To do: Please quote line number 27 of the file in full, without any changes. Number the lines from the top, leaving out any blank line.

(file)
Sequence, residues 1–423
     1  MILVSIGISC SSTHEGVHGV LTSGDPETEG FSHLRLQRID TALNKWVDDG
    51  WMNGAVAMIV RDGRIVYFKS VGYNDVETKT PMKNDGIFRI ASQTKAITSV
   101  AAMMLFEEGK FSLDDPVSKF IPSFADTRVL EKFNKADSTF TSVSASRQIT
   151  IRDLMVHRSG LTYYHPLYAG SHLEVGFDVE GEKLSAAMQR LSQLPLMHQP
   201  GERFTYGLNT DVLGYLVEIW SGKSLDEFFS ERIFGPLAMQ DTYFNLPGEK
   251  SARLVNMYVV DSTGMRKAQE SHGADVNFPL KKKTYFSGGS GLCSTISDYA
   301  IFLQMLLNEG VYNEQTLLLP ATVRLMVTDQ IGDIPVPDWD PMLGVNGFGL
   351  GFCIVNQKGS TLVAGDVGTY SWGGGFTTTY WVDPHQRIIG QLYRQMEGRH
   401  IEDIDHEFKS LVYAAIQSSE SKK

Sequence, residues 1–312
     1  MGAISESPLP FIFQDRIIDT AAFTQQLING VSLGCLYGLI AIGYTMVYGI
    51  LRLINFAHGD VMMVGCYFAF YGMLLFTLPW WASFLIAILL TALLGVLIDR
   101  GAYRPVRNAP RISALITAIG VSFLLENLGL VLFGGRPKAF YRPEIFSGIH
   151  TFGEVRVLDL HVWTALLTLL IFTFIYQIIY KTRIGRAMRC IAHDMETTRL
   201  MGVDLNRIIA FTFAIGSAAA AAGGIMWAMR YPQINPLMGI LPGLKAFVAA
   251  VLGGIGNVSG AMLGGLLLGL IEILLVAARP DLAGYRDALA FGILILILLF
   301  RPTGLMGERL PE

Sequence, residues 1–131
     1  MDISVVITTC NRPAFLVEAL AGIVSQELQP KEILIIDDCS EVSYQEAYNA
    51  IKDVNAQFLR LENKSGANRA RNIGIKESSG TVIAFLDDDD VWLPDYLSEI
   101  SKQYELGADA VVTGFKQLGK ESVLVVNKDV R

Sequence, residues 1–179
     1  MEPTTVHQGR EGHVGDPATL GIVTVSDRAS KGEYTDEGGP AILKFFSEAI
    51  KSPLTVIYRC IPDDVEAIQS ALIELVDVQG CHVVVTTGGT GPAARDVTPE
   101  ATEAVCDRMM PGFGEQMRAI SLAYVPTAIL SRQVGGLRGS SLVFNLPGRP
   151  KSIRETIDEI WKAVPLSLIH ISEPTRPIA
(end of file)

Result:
   151  KSIRETIDEI WKAVPLSLIH ISEPTRPIA